Of all the keys to healthy relationships—whether with friends, family or significant others—perhaps the most important is knowing when and how to ask for forgiveness.
In my recent article “3 Dating Non-Negotiables,” I mentioned something called the forgiveness cycle. It’s one of the only things that can keep a relationship between two imperfect people from collapsing. It works like this:
“Person A does dumb thing. Person A either sees this themselves or is confronted about it by Person B. Person A explicitly, verbally acknowledges their guilt and unreservedly apologizes. Person B genuinely accepts the apology and verbally promises not to hold the offense against their partner anymore. Now you have fully restored your relationship to its pre-dumb-behavior state.”
But there’s a caveat: This won’t work if you’re not really apologizing, and there are a lot of ways we appear to be apologizing while actually maintaining that we were not the ones in the wrong.
(One disclaimer: If you think the other person in a conflict is being manipulative and that you haven’t done anything wrong, don’t use the language of apology at all. That dilutes it and makes it weaker for later, when you want to express genuine regret.)
Let’s assume, though, that deep down you know you did do something offensive. How can you tell whether you’re really apologizing or just faking it? Strangely enough, it’s often a grammatical thing. Consider these examples.
“I’m Sorry If I…”
By adding the word “if,” you’re disputing whether the offense really happened. “I’m sorry if I actually did such a thing.” The event is still hypothetical for you, so anything you have to say about it stays hypothetical too. Suffice it to say, this is a fake apology.
“I’m Sorry That You…”
This is the dirtiest kind of fake apology. Why? Well consider what you’re actually doing. Instead of owning up to your guilt for some previous offense, you’re insulting their personality. “I’m sorry that you can’t handle grown-up conversation” or “I’m sorry that you cry about every little thing” is not only not an apology, it’s a verbal slap in the face—the kind of thing that requires its own apology.
“I’m Sorry, But…”
This is the classic. Every 3-year-old has mastered it. You confess that you did something wrong, but before you enter the substantive part of the apology, you justify your behavior or even counter that the other person’s actions were worse, essentially saying, “I’m sorry I did this, but should we really even be talking about me at this point? Weren’t you the guiltier party?”
Why do we resort to these fake apologies so often? And how can we give better ones?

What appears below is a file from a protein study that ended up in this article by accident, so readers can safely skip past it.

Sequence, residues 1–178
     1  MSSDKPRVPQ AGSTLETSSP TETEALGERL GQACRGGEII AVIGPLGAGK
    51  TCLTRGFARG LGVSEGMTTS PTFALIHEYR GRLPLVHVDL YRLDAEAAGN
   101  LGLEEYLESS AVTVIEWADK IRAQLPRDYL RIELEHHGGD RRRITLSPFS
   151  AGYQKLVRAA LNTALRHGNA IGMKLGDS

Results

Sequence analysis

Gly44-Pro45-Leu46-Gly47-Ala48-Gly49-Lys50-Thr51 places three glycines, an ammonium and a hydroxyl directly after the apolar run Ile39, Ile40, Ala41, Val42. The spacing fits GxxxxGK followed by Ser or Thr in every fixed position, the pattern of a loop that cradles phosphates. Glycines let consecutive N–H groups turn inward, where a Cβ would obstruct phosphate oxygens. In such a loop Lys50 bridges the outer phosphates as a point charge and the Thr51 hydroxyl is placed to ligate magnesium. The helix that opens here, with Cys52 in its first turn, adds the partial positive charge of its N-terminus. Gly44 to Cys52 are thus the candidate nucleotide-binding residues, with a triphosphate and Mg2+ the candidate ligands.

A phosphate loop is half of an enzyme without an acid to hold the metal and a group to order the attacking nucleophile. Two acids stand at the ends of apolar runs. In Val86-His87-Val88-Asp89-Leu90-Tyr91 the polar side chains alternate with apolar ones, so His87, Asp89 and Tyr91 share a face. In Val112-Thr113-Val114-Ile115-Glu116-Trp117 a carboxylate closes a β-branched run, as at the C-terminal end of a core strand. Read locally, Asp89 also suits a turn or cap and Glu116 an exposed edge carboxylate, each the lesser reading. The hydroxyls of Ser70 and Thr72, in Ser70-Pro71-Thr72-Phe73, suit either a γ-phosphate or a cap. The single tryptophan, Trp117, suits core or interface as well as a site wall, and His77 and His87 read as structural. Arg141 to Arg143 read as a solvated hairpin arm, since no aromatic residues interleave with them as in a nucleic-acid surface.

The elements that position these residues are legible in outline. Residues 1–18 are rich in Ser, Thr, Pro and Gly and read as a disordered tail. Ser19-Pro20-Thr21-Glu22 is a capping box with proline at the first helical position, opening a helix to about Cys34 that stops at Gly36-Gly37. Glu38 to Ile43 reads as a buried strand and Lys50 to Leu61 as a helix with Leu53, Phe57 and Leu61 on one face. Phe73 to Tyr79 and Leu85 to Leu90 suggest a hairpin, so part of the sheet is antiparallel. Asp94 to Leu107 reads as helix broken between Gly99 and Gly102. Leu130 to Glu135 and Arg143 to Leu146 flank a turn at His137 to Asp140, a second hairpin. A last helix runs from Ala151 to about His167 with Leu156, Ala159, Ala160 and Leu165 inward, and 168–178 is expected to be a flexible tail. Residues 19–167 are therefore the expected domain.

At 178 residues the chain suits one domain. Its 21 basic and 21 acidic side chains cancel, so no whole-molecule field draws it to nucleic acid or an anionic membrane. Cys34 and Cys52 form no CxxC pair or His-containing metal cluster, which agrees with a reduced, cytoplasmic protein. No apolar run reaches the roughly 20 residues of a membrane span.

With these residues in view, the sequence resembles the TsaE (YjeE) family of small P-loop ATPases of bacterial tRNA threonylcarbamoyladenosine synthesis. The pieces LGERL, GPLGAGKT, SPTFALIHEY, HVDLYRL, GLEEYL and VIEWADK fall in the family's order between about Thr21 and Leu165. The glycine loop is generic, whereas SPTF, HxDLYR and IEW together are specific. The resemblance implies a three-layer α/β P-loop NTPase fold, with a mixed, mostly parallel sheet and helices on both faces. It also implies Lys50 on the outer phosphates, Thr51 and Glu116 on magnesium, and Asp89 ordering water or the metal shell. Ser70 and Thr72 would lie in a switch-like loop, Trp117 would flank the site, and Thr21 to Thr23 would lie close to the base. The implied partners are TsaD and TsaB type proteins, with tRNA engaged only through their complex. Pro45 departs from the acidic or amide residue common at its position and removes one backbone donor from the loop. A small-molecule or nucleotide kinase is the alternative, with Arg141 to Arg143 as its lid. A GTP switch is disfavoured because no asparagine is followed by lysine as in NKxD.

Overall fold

A Better Formula
Judy Dabler, a master conflict mediator I know, says we don’t just use fake apologies because we think we are right all the time. We also use them because no one ever modeled real apologizing for us or made us practice apologizing correctly. So even when we see our faults, she says, we sometimes need help getting out the right words.
I can’t remember the exact formula she suggests, but I have had great success with these six steps:
- Say, “I’m sorry that I _____.” Now we’re talking about something that definitely happened for which you are responsible.
- Explain the logic with which you rationalized the offensive behavior at the time. Usually, we stop here because we are trying to justify ourselves.
- Explain why you now think that earlier logic was wrong. You do this so they know you’ve come to see the error in your mindset.
- Bookend the apology with another statement that, “I’m sorry that I hurt you.”
- Ask, “Will you forgive me?”
- Be quiet and wait to see what they say.
This is a dangerous moment in its own way because the other person can choose to intentionally withhold their forgiveness. If you’re being genuine, them withholding forgiveness can be as toxic as a fake apology would have been (try not to date people who withhold forgiveness). But if you do offer a genuine apology, and if they do genuinely accept it, then that completes the forgiveness cycle. And that’s a relationship’s only hope of surviving our behavior.
If you’re living in close relationships and you can’t remember making a full-on, verbal, “that I” kind of apology in the last month or so, you need to do some thinking. And if you can’t remember making such an apology in the last several months, you should probably take a day off of work to talk about that with a professional counselor.
That might sound presumptuous, but that may be because you believe something even more presumptuous: that in the last few months, you haven’t done anything offensive to anyone. So often, we tend to think that in all our conversations, decisions and attitudes, we treat everyone with respect, humility and appreciation—that’s simply not true, seeing as we’re all sinful human beings.
We hate apologizing because it hurts. It hurts because it requires us to come face to face with the kind of people we really are. But for the very same reason, apologies are one of the best ways to keep us mentally and relationally healthy. They force us out of our egomaniacal PR campaigns and give us a dose of reality.
So, now that you know why to, and how to, my only question is: Can you think of anyone who deserves an apology from you?
Ben Stevens (M.Div., Trinity Evangelical Divinity School) is the author of Why God Created the World: A Jonathan Edwards Adaptation (Navpress, 2014). He lives in Berlin, Germany. Keep up with him on Twitter.